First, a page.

February 20, 2003

The Heart Is a Lonely Hunter?

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When you speak to people you realize that one’s opinion about Sondheim seems to be like flipping a coin: you either like him or you don’t. But his impact has already been noted on the musical theatre. Company, the show now running at the Schwartz Center’s Flexi’ Theatre, has both its merits and failings. The play, a revival of the 1970 Stephen Sondheim/George Furth musical comedy, presents disjointed memories of Bobby (Laurence Drozd), who is considering marriage. Starting at a moment of suicidal crisis, which is cleverly made light of by humor, the play fluctuates between different episodic encounters Bobby has with his friends. Bobby is a bachelor, a promiscuous New Yorker who finds himself at a crossroad in his life brought on by his 35th birthday. As a lonely bachelor Bobby has not been able to create a stable life for himself, and the question of whether or not to get married is his point of crisis. After the first scene, the rest of the play becomes an education for the charming but indecisive Bobby, who seeks education from his friends.

To unwind the dialogue, the play moves between acting and singing and many now famous songs that paint a picture of married life. Thus the cast must both sing and act. As the chorus, the cast does a good job. And there are a few standout numbers, including one famous trio song and dance by Marta (Peggy Powers ’03), Kathy (Dara Messing ’03), and April (Gretchen Poulos ’03), singing the blues of having Bobby as their lover. But as much as the play succeeds during its choruses it sometimes goes flat when individual actors are asked to take the lead. And it becomes obvious that some of the actors do not rely on their musical talents often. The lead, Laurence Drozd, knows his own voice well and does a fine job staying close to the spoken word when he goes into one of Sondheim’s numbers. The effect of this is to make Bobby more believable as a person.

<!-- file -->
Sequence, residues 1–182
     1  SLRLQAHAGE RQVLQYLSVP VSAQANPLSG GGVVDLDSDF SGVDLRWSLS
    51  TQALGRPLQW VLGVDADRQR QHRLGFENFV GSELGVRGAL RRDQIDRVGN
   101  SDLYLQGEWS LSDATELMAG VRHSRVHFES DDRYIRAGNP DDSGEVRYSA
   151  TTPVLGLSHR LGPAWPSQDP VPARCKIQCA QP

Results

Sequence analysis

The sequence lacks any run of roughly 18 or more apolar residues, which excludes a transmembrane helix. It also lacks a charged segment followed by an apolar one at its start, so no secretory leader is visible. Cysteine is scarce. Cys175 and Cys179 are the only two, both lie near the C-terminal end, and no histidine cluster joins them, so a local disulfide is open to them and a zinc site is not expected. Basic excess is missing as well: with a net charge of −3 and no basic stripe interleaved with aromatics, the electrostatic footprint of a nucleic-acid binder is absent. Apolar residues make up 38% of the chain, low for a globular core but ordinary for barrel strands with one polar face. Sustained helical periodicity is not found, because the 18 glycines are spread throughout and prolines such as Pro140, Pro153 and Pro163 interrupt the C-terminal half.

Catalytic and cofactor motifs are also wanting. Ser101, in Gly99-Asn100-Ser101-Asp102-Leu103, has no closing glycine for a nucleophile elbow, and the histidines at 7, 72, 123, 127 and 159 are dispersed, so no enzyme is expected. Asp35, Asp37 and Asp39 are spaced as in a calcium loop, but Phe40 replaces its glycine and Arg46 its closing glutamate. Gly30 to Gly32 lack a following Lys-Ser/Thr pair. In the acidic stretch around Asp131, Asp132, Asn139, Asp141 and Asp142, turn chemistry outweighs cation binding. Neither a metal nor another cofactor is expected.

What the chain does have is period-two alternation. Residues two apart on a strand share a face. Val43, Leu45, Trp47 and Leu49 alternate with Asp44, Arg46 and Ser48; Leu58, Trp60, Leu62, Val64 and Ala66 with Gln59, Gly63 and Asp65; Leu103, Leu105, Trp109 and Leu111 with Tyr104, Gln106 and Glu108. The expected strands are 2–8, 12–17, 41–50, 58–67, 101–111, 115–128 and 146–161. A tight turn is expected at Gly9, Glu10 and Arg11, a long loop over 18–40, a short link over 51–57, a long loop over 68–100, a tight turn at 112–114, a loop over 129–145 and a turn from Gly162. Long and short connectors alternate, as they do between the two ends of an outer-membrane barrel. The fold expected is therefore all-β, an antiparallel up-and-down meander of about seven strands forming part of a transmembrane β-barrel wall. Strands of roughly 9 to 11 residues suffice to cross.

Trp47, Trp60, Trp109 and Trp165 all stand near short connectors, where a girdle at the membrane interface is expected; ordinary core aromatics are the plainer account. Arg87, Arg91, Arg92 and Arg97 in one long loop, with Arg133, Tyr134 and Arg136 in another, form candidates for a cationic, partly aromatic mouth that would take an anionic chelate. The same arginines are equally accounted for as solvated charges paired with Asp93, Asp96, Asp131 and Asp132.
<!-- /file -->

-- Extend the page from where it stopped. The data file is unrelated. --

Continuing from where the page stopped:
The production runs into trouble in its own interpretations of the script. Essential to the play is the interpretation of Bobby as a character. While Bobby reacts to the different characters, the staging is too vague and muffled to allow us to see how Bobby himself either does or does not progress as a character. Over the years the play has been interpreted in many ways, but the actual fragmentation of the scenes that form the play is what is communicated most explicitly in Company. In Pomerantz’s version, Bobby is a little too endearing and for the most part is paper thin.

From the outset the audience is witness to the humor inherent in Bobby’s life, and never before has one name, Bobby, been used so well to communicate petulance and psychological antagonism. Bobby becomes “Bobby, Bobby, / Bobby baby, Bobby bubi, / Bobby